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How to Teach Students Passion—Not Teach for the Test

Last month, I got to speak to the Cobb Education Consortium. It was filled with educators and administrators (from K-12 and higher education) who were chosen from Cobb County to be a part of a leader development process over a year’s time.

That day, I met Monica Alicea, a leader with a PhD, who has chosen to remain in the classroom, teaching gifted students at Cheatham Hill Elementary. As I spoke to her, I realized Monica was a person who had not lost her “why” for her vocation. And because she still loves students, she has found a better way—in our current school system—to avoid merely “teaching for the test.”

She enables her students to work in the area of their passion. And when they do, they actually feel the class is “easier.” They love attending school.

What? Are they serious?

In Her Own Words

photo credit: Royston_Kane Sarah First Day of HS via photopin (license)

Let me offer her own description in a note she wrote to me recently:

“I teach first through fifth grade gifted students. One day one of my 5th graders said to me, ‘Target class is easier than regular 5th grade.’ Target is what we call our gifted program. At first, I was devastated. I always reflect on my teaching and what I am doing in my room. I thought about what he said and pondered why he might have said that. I questioned whether or not I was challenging my students. And then I thought about my teaching philosophy and style. I implement a service-learning framework in my classes. My front door has a sign on it that says, ‘This is a passion-driven classroom, enter with enthusiasm!’ My students are able to find their passions and do what they love. These students chose to be in my room because at the end of 4th grade we give students a survey to determine the type of classroom they want to explore. The students have initiative, are problem-solvers, and they are working on a project he or she is passionate about. They investigate, explore, research, present, and they get to make a difference! We do Mystery Skypes and Skype with experts in what we are studying. We take virtual field trips (using Skype) and have collaborated with classes across the country who are studying similar things. This year we collaborated with a class in California because we were both studying Gender Equality, Sustainable Development Goal 5 (SDGs). Your book (Marching Off the Map) resonated with me and validated what I am doing! I am a pioneer, who integrates technology, who allows students to study what they are passionate about, to be problem finders and problem solvers. When they are learning like this, it doesn’t seem hard; it is exciting, invigorating, and fun! Thank you!”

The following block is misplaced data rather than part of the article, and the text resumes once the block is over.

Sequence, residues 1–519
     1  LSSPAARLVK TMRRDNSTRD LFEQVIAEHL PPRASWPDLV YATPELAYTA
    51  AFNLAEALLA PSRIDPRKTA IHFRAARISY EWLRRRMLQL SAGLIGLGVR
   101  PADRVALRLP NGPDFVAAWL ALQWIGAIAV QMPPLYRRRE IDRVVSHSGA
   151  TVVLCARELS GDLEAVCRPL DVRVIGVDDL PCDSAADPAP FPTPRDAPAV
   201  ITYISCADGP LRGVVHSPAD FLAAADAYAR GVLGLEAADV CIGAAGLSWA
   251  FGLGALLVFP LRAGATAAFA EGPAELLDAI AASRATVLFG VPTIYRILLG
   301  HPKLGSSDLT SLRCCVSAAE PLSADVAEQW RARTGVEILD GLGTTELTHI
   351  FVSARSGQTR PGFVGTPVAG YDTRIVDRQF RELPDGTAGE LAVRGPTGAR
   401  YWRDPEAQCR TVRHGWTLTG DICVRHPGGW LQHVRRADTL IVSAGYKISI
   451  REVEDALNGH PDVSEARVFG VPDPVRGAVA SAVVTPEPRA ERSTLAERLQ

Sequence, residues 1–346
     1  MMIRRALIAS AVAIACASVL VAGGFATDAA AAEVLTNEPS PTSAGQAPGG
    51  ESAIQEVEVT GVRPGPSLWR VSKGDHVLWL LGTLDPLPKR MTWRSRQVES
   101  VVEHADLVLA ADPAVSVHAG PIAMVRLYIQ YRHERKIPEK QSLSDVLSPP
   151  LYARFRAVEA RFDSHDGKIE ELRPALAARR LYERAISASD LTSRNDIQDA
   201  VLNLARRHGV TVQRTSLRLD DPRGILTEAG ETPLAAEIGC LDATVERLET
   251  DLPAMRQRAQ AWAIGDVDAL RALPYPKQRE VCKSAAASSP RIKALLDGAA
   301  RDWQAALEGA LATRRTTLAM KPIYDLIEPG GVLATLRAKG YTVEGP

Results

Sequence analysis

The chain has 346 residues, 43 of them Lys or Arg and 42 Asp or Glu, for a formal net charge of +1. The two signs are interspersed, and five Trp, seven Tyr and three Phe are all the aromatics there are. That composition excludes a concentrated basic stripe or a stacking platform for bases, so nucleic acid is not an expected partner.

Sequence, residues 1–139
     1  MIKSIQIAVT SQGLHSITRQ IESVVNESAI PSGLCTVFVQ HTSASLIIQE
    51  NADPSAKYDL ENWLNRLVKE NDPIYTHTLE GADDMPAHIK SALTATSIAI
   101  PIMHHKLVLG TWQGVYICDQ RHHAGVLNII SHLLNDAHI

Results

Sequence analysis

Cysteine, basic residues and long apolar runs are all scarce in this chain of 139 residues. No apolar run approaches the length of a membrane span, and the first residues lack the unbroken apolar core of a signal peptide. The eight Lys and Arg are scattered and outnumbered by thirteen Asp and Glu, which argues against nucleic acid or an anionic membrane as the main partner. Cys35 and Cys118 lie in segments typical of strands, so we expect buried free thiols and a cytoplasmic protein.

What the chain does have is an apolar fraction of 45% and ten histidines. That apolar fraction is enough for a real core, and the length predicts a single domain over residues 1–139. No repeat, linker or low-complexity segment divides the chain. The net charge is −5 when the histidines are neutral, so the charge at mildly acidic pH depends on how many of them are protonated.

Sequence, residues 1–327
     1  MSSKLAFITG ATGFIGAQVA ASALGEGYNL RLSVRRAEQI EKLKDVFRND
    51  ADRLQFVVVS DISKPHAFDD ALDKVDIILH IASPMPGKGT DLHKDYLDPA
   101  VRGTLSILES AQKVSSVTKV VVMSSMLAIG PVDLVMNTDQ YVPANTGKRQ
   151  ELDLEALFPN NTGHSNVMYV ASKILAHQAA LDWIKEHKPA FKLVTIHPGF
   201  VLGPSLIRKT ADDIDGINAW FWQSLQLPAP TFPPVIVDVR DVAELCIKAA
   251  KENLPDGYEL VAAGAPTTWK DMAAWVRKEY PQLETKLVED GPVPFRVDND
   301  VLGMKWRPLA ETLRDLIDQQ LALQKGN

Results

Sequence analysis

I believe what Monica’s done is transferrable to any student, of any age. The key is to be willing to take a risk and try a different pedagogy.

Breaking It Down

Let me take a moment and break down what Monica is doing that’s transferrable.

1. She sets a tone in her classroom that is passionate.

2. She exposes students to problems to help them identify what’s wrong.

3. She allows them to initiate work in an area they feel passionate about.